Cardiology Is Dead. Long Live Public Health.

Cardiology is dead. Here’s two new important pieces of evidence:

  1. The FDA’s Cardiovascular and Renal Drugs Advisory Committee hasn’t met since April 2015, and even then it was for the decidedly uninspiring drug cangrelor. And the committee has no meetings scheduled for the rest of this year.
  2. Take a look at the list of late-breaking clinical trials for the American Heart Association’s Scientific Sessions in November in Anaheim. There are seven separate late-breaking sessions, but as far as I can tell not a single important or interesting late-breaking trial with significant consequences.

Original illustration by Max Husten

It should be acknowledged that even if the Cardiorenal committee has been frozen in time, like historical figures in a wax museum, the Circulatory System Devices Panel has been much more active. But the approval in recent years of a series of ineffective devices only highlights the desperation in cardiology to pretend that progress is still possible. As I’ve written in the past, the Watchman, Absorb, Impella and other devices have gained approval in recent years with absolutely no solid evidence demonstrating that their benefits outweigh their risks. And the promise of such evidence remains elusive and always seems to retreat further into the distance.

Bob Harrington is the current chairman of the Cardiorenal committee. He notes that “investment has shifted” from heart disease “to rare diseases and oncology. Perceived pathway to approval is easier and less expensive. And, pricing models for these drugs has been very different than for cardiovascular drugs.”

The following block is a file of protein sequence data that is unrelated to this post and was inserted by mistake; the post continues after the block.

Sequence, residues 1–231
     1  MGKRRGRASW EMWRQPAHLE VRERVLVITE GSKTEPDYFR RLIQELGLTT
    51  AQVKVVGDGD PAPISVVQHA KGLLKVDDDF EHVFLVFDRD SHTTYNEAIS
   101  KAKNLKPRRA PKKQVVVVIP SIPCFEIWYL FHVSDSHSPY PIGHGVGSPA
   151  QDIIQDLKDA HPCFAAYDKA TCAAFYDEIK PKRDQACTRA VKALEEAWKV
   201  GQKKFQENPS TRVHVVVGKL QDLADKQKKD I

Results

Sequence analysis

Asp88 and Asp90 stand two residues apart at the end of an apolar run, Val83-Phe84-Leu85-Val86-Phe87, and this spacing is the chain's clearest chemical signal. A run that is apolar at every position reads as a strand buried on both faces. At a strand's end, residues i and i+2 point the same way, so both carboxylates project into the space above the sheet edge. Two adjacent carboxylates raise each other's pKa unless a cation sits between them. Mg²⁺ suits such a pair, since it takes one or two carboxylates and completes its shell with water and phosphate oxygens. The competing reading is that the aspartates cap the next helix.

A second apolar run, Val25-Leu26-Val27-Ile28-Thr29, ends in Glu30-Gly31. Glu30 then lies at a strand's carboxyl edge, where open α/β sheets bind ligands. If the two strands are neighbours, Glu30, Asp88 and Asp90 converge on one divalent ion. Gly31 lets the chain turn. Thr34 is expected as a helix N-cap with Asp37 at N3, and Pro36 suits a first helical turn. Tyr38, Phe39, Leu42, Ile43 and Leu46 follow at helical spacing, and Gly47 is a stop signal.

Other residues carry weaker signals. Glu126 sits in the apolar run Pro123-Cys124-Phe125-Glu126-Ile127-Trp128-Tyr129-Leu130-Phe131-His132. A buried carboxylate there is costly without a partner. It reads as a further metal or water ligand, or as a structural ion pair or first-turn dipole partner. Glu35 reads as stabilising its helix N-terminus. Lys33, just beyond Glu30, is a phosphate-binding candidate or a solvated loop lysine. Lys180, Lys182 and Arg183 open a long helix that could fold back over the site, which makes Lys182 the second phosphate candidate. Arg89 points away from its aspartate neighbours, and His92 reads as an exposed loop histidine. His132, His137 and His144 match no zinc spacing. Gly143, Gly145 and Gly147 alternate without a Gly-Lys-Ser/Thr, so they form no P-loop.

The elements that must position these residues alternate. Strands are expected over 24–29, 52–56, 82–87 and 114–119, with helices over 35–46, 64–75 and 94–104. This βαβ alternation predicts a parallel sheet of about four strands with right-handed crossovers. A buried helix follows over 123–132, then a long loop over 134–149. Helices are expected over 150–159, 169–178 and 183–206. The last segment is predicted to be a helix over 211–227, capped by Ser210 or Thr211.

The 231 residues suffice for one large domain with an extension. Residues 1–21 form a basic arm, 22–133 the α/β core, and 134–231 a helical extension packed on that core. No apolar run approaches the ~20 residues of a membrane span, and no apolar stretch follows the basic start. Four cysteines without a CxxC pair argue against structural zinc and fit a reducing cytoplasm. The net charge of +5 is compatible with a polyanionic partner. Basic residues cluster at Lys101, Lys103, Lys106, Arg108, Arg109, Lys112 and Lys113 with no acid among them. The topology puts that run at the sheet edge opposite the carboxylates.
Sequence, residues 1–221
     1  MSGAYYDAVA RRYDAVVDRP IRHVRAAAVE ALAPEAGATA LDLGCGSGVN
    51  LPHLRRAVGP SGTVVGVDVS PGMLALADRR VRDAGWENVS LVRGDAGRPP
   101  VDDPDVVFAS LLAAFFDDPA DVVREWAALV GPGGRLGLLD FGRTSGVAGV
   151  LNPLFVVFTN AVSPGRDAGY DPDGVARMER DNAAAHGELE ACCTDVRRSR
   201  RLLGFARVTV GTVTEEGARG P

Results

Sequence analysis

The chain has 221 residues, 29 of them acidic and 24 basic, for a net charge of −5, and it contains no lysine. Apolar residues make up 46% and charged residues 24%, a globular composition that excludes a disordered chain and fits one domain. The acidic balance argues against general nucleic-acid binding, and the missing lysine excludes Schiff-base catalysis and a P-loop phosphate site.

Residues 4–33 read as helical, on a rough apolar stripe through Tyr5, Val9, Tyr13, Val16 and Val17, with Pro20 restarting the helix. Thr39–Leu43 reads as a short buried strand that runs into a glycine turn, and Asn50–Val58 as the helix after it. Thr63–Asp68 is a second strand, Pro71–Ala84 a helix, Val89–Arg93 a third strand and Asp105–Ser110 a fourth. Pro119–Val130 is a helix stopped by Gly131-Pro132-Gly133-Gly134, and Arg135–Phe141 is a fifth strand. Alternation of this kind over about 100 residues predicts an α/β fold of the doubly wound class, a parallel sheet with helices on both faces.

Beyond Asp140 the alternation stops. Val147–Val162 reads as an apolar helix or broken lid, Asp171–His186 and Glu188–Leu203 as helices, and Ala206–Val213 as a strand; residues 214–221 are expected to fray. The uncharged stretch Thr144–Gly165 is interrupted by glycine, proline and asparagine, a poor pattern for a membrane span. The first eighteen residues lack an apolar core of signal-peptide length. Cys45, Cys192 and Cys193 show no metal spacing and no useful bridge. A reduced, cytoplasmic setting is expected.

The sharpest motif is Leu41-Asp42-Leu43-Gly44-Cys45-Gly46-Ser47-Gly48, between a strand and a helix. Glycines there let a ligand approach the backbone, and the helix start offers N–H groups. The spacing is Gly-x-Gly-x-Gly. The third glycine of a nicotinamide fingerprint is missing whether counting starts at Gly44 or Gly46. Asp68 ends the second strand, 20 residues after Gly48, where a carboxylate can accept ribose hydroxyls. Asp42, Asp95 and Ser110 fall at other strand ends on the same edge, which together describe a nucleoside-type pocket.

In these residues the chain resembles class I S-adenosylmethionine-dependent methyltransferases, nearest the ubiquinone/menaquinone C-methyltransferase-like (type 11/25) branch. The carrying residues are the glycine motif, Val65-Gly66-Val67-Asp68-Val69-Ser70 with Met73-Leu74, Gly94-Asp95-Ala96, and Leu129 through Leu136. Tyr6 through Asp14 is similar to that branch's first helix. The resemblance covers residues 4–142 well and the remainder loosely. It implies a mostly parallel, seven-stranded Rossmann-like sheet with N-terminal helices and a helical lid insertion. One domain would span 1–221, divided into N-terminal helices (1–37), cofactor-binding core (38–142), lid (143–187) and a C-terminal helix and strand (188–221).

Milton Packer, who is also a member of the Cardiorenal committee, largely agrees with Harrington.“It is extraordinarily difficult for the pharmaceutical industry to make a serious investment in new cardiovascular drugs. Any new cardiovascular treatment necessarily competes in a marketplace that is dominated by generic drugs. As a result, third-party payers will allow pricing that is only marginally higher than a generic, or alternatively, they will allow for premium pricing but only if they can simultaneously create substantial administrative hurdles to discourage prescribing. Manufacturers need to choose a path, but they lose no matter which path they choose. They might choose a low-pricing strategy if they could be assured that the new drug would be rapidly adopted, but no guarantees are possible, because most patients with a cardiovascular disease are treated by generalists, not specialists, so adoption typically takes many years. So most companies sadly follow the path of premium pricing, hoping that practitioners will be willing to put in the hours needed to overcome preauthorization. But medical practices will simply not do that. As a result, pharmaceutical companies lose no matter which path they take. There is only one solution that remains: don’t develop cardiovascular drugs. Instead, develop drugs for oncology. That is exactly what they do, and it is precisely why no one is developing new cardiovascular drugs or devices. Who loses? Patients with cardiovascular disease.”

I don’t disagree with Harrington and Packer but I think there’s another way of looking at the situation. It is clear that for the most part any new advances, after the great achievements of the past (which include CABG, PCI, pacemakers, statins, ACE inhibitors, and blood thinners, for instance) will be modestly incremental, at best. We have reached the point of diminishing returns. The fact is that in cardiology the low hanging drug and device fruit has already been picked. “Most of the therapies are now generics so the bar is high to beat or add to successful, inexpensive therapies,” said Harrington.

Beyond Medicine

We  need to look beyond the traditional medical model of treating disease. Industry must decide for itself how to invest its resources. As a society, on the other hand, we need to take a far broader perspective. We need to ask how as a society we want to invest our resources. Major advances in cardiovascular health won’t come from medical progress. Progress now must take place in the sphere of public health.